How to Make Positive Changes Towards Food Sustainability (And What Not to Do)

In 2015, there was a string of news articles detailing the ethical changes that some of the largest chain restaurants are making to their menus. Taco Bell recently vowed to be the first fast food chain to serve cage-free eggs by the end of 2016. McDonalds, Starbucks, and Panera all committed to the end of the use of battery cages in the next five to ten years. Perhaps the fast food chain world and the “healthy” movement are coming to a truce. Americans will likely never stop eating at these chains so the chains might as well start conforming to fit the needs of the masses – again.

[pullquote_left]We can only hope that this movement continues and we won’t have to label “cage-free” on the menu… it will be assumed.[/pullquote_left] What’s most interesting about these fast food chains and their steps to sustainability is that they likely won’t push the additional costs to their customers. They have to maintain their fast and cheap reputation. They aren’t Chipotle, nor do they want to be. Simply the addition of terms like sustainable, cage-free, and cruelty-free to their menu is enough to turn heads and win back business – and perhaps gain new customers! There will always be people who vow to never eat at fast food chains. At the same time, there will always be people who only can afford to eat at fast food chains. And then there are those who will be loyal to the green/sustainable movement and won’t stop Instagramming, Tweeting, Facebooking about it. Can you say Millennials? These chain steps to sustainability will be to be talked about, consumed, and perhaps bring these chains back to an approved status.

I’ve become exhausted with some of these terms flooding menus and I wonder who is actually adhering to them and who is actually respecting the actions they claim to be taking. If you have taken the steps to provide a conscious menu to your guests, how does your menu read? How do your servers explain the menu to your guests? It’s confusing constantly hearing “all of our food comes from local farms and is organic.” How do we know what is honest? How do we know if they ran out of organic, cage-free eggs or if the grass-fed beef wasn’t available this week? We won’t… and that’s ok. There are plenty of other ways to show our guests that we care and are part of the movement.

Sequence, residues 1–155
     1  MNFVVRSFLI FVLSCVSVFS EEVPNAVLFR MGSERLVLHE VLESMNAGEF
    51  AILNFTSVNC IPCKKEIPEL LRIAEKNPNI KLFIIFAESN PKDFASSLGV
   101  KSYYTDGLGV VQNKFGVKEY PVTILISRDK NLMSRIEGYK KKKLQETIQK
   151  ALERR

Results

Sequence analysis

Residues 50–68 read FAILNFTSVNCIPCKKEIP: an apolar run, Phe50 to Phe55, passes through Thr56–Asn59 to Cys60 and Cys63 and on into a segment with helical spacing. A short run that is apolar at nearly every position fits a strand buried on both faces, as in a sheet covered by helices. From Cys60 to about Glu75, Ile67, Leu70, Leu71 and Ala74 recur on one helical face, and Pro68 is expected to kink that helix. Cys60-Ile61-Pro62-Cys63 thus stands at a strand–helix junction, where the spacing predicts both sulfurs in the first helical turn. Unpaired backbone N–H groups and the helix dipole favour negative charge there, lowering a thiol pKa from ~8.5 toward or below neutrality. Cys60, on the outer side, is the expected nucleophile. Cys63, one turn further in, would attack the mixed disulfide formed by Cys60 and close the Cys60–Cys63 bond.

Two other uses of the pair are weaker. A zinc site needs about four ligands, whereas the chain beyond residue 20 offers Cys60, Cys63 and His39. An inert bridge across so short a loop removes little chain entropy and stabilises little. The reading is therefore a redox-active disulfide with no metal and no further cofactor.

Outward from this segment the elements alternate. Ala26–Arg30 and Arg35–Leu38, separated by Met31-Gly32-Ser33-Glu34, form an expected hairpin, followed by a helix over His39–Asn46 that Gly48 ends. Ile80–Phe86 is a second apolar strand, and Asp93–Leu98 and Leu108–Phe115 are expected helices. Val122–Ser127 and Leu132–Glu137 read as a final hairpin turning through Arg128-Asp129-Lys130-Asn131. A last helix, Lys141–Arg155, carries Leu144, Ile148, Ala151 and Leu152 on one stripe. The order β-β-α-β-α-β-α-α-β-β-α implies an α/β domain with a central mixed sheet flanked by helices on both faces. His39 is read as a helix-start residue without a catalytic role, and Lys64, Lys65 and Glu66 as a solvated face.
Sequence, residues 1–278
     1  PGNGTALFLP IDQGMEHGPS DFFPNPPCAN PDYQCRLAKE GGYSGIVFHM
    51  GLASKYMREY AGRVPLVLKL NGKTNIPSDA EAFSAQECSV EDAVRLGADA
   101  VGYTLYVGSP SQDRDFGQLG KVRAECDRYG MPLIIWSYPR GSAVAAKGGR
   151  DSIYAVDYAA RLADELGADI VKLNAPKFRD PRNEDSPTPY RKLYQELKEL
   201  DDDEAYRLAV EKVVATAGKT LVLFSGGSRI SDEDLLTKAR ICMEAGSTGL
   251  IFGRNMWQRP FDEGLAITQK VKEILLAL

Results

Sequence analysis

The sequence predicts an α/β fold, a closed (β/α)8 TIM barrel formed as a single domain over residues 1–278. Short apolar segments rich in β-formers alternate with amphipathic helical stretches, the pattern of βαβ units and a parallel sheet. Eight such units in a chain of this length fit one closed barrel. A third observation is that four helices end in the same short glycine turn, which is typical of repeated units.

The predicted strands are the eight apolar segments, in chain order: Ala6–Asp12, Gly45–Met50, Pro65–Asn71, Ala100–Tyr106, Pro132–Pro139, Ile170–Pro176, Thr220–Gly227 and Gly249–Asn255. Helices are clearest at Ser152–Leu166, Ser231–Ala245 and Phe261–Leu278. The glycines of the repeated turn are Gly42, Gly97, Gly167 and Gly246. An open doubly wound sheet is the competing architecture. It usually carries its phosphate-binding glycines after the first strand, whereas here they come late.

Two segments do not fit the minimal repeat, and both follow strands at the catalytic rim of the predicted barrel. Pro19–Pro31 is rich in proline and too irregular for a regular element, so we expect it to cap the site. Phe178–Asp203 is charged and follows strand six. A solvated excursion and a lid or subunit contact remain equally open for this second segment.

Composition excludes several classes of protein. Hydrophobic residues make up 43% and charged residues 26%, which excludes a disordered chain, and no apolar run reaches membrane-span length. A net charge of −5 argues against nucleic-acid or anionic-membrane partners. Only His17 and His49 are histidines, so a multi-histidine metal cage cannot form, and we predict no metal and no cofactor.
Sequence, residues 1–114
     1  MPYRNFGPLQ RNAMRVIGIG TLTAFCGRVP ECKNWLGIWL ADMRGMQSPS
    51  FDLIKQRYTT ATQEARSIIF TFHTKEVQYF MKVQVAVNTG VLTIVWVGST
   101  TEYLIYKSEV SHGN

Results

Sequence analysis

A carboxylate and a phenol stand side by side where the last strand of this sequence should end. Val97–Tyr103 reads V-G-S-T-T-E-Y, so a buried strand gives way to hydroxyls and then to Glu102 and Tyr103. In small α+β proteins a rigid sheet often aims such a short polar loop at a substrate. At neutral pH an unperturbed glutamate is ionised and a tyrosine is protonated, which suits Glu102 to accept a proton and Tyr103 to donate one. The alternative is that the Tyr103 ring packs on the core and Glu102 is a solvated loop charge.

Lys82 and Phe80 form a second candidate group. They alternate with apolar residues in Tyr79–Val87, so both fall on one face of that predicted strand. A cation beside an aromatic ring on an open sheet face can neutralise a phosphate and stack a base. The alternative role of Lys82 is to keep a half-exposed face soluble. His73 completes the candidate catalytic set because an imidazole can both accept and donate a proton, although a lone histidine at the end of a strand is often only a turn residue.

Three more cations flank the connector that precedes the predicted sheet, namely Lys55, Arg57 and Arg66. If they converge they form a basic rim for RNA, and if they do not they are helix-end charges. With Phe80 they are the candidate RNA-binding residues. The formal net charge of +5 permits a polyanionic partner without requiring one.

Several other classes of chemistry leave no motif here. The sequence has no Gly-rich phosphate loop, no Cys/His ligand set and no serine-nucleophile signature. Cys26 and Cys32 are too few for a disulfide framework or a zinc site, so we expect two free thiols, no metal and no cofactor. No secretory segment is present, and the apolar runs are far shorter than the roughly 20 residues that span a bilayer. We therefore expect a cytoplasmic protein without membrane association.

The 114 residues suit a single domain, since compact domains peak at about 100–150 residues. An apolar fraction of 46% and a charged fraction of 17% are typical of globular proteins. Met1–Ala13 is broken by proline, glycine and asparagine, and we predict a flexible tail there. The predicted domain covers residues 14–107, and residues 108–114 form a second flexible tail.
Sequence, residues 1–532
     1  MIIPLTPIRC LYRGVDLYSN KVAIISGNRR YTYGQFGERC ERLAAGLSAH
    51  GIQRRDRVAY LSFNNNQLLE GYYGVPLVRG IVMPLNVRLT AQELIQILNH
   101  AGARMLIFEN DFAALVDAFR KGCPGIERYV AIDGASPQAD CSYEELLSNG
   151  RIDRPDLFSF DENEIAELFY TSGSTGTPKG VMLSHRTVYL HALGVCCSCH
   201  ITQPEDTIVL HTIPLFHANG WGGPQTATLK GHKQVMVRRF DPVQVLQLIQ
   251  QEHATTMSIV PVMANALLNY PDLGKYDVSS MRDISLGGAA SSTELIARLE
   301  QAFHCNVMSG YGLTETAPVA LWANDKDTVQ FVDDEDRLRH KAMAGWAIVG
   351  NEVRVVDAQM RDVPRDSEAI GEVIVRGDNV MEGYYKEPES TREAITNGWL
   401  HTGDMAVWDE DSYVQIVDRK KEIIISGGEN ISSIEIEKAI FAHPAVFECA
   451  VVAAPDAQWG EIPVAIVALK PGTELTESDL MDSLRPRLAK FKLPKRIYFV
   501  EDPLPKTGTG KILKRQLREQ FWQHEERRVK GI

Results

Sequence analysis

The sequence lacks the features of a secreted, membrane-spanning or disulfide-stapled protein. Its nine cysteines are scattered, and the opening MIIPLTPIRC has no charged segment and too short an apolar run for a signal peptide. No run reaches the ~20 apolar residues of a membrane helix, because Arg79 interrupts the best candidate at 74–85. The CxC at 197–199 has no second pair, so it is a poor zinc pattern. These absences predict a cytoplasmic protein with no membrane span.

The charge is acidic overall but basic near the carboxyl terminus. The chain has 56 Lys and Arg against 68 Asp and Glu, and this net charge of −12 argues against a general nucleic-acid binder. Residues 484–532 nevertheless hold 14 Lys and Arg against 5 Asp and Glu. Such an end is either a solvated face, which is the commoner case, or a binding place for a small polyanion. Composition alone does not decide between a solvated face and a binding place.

Consider removing all of the buffer words that lie in front of the poultry, beef, and dairy items on your menu and instead putting a few sentences on top of the menu describing your collaborative efforts to buy organic, cage-free, and sustainable foods. This not only showcases your actual purpose behind the movement, but is direct and less exhaustive. Another great location for this literature is on your restaurant’s website, business cards, and gift card sleeves. One of the best places to share this information is not just through social media but in food reviews. Invite reviewers and bloggers to your restaurant and let them share the news from a first-hand perspective.

[pullquote_left]Show off your part the sustainable food movement![/pullquote_left]

Another action that communicates to your guests that you care is not just focusing on the expected items (milk, beef, eggs and cheese) – or even food at all. Switch your take-out containers and materials to become Styrofoam-free! This elevates your cuisine and educates your guests.

Putting the labels in front of your guests will reassure them that you are, in fact, taking strides to becoming more sustainable. You can’t give them a pound of butter or a half-gallon of milk with a particular label on it, but you can start somewhere else – like the bar. There is an increasing availability of all-natural and organic wines, beers, spirits, and mixes.

If you want to start taking steps towards becoming a more sustainable restaurant, please let us know. We are experts on how to make the most of your budget and help you make positive changes to educate yourself, your staff, and your guests on how to become a more sustainable business.

Ray Camillo – CEO, Blue Orbit Restaurant Consulting

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